I have a cat, male, 15 years, previously otherwise healthy (until yesterday he's always been active, healthy weight, energy level about the same as a 7-8 year old) except for a heart murmur since birth, until an ER visit last night diagnosed critically low potassium and moderately high blood sugar. Working theory based on x-rays and bloodwork so far is hyperaldosteronism due to a possible tumor on adrenal gland, non-metasticizing, unknown if malignant. He's getting ultrasound today to confirm.

I have been researching treatment options if it comes back positive as a tumor, which I have a feeling it will.

All the options so far seem very high risk. There's an adrenalectomy, which apparently can go either very great or very poorly, and from my research this won't be an option if the tumor is bilateral or there's not much functioning gland that can be saved.

There's Lysodren, which appears to have risky and awful side effects. There's also ketoconazole, which can cause liver damage, which worries me because of his age although I believe him to be otherwise healthy.

I'll also be talking to the doctor at the hospital for more options today, but my question for you guys is are there any other treatment options I can add to my list? I'm trying to build as comprehensive a list as possible from internet research, talking to the doctor, and other people's experiences.

I'm looking both for personal experiences from pet owners as well as cited treatments and opinions from any professionals here. I am open to natural treatment suggestions as well.

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    I've never seen this before but I'll ask a few cat vets I know for you, good learning opportunity. Jan 2, 2017 at 18:21
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    Well got a quick response for one of them, she said it's really rare and often associated with chronic kidney disease. She sent me a few links which I will post here for you. Recognition and diagnosis - veterinarymedicine.dvm360.com/… //// Treatment and Prognosis - veterinarymedicine.dvm360.com/… /// A case report - veterinarymedicine.dvm360.com/… Jan 2, 2017 at 19:02
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    I would post this as an answer but they don't like links in case the site goes down, it's REALLY LONG AND WORDY so if you need clarification just let me know. I hope it helps - they say prognosis is good. Jan 2, 2017 at 19:04
  • @Rebecca Amazing thank you. Ultrasound confirmed a tumor, one side, haven't talked to doc yet so not sure if it's his aldosterone that's high, or cortisol (Cushing's disease), in the waiting room now and this will be a perfect read.
    – Jason C
    Jan 2, 2017 at 20:28
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    I had spoken to the other cat vet that I know and she thinks surgery is the ideal solution. She also says that the cat specialist are starting to think that it's actually being under diagnosed because we attribute the potassium to other things. Jan 3, 2017 at 22:26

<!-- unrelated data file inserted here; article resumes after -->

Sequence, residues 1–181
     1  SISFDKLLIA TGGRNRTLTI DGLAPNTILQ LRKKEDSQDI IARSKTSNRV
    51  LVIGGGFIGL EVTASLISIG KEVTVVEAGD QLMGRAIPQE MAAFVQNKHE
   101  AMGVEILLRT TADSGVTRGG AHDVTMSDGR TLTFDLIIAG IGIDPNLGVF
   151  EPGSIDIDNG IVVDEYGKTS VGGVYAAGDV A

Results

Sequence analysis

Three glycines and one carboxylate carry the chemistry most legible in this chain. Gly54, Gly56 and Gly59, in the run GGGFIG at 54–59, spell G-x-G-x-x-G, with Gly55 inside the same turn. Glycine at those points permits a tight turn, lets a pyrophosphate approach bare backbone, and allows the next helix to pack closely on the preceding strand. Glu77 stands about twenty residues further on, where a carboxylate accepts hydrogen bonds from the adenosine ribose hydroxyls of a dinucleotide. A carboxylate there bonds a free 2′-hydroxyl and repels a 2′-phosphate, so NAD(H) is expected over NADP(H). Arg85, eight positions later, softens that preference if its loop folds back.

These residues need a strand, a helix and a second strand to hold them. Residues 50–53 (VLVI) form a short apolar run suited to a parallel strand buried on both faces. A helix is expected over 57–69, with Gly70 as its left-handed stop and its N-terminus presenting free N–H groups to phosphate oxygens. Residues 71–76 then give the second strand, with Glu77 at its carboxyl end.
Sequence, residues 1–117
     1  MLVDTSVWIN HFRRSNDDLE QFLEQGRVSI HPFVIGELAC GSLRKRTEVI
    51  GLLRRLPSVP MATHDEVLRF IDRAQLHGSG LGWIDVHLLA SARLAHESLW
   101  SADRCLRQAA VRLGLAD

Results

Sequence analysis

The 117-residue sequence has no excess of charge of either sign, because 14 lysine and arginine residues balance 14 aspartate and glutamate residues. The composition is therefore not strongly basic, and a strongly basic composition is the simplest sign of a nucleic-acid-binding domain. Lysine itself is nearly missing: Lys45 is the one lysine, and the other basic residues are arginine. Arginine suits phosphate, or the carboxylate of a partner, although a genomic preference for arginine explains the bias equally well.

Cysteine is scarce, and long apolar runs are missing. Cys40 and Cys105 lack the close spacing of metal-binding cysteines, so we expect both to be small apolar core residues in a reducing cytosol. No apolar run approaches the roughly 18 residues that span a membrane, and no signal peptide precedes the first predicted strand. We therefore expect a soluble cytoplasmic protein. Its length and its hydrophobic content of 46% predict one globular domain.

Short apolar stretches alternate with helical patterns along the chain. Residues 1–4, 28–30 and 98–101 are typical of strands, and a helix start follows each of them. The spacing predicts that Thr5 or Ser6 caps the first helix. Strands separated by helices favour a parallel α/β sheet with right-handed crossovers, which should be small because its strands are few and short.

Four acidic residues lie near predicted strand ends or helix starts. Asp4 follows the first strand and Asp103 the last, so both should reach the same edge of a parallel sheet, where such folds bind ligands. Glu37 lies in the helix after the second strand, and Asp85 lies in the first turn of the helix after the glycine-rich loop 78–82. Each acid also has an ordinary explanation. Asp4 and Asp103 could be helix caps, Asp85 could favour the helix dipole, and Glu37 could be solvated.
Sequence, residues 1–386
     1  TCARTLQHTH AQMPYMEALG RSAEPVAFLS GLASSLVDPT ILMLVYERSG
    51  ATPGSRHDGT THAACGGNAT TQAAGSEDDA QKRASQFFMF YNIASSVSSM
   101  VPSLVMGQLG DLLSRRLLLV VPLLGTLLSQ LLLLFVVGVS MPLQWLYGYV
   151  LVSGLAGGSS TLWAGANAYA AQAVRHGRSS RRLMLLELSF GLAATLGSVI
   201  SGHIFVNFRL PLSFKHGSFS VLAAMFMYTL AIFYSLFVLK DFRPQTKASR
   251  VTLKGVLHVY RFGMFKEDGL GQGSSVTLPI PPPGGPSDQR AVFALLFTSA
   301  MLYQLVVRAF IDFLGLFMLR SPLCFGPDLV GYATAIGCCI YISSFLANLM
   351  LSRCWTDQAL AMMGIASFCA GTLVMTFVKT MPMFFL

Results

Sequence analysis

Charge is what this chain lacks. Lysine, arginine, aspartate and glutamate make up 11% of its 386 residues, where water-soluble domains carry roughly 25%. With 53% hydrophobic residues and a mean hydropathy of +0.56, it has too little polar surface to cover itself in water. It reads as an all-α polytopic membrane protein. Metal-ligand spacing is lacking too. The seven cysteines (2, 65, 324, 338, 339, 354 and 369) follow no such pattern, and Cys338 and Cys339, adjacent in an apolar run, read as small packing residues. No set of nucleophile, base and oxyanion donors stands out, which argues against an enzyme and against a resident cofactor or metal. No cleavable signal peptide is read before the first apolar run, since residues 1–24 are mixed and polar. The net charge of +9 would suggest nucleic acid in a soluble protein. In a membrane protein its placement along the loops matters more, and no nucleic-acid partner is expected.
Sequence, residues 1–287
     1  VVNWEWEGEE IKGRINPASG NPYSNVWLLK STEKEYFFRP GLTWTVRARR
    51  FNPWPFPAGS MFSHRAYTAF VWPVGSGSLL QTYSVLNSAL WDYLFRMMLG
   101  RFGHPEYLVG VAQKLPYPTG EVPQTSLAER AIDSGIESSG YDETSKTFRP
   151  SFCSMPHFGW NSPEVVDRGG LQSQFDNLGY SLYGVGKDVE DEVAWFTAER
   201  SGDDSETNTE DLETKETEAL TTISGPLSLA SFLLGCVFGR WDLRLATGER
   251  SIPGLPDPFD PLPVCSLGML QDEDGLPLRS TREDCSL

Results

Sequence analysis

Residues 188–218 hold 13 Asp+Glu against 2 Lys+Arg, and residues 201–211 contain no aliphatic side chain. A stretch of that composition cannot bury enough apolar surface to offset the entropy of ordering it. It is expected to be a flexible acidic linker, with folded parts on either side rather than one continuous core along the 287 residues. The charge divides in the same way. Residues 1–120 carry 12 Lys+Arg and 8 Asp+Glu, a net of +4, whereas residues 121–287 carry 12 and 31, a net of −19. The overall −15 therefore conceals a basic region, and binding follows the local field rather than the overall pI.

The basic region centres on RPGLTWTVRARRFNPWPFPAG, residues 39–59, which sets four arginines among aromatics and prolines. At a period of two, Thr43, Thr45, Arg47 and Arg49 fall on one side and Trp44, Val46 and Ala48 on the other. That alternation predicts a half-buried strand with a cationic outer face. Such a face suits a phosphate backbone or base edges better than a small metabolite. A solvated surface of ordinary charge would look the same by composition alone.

1 Answer 1


So, basically, there are no "alternative treatments" for this, at least not in my case where the hyperaldosteronism was caused by an adrenal tumor.

All non-surgical treatment options revolve around countering the symptoms, such as potassium supplements to raise potassium levels. None seem to lead to particularly good quality of life except in very mild cases.

However, for large tumors, you simply can't keep up. In my cat's case, his potassium was so low and being depleted (through urine) so quickly that the combination of IVs, oral supplements, and a paste applied to the skin, still barely countered it.

In addition, any solutions that treat the symptoms are temporary at best, as the tumor grows it will eventually overwhelm any efforts.

So the only true solution seems to be to surgically remove the tumor via an adrenalectomy, or to put the animal down.

Note that surgery is only a viable solution if the tumor is not caused by a metastatic cancer (in which case, expect more). If the tumor has invaded the nearby vena cava, (there is a picture of the anatomy, as well as some decent info, on this page), removal becomes significantly more difficult and risky, and sometimes impossible. However, it is my understanding that assessing both of the previous conditions generally requires access to the tumor anyways, so it doesn't seem to me like they can be readily used to make judgments ahead of time. According to the previous link, in dogs at least (the condition is rare in cats), the general survival rate of an adrenalectomy is roughly 78%.

I opted for the surgery, of course. In my cat's case the tumor was benign, isolated, and in a relatively ideal form for removal. The operation was performed the moment his potassium was back up to safe levels (it took 4-5 days for his levels to respond to the supplements). The surgery was a success, and the cat has recovered 100%. In fact, it's like it subtracted 5 years from his age.

Other cases may be different, I don't know, but in my case there were no other options.

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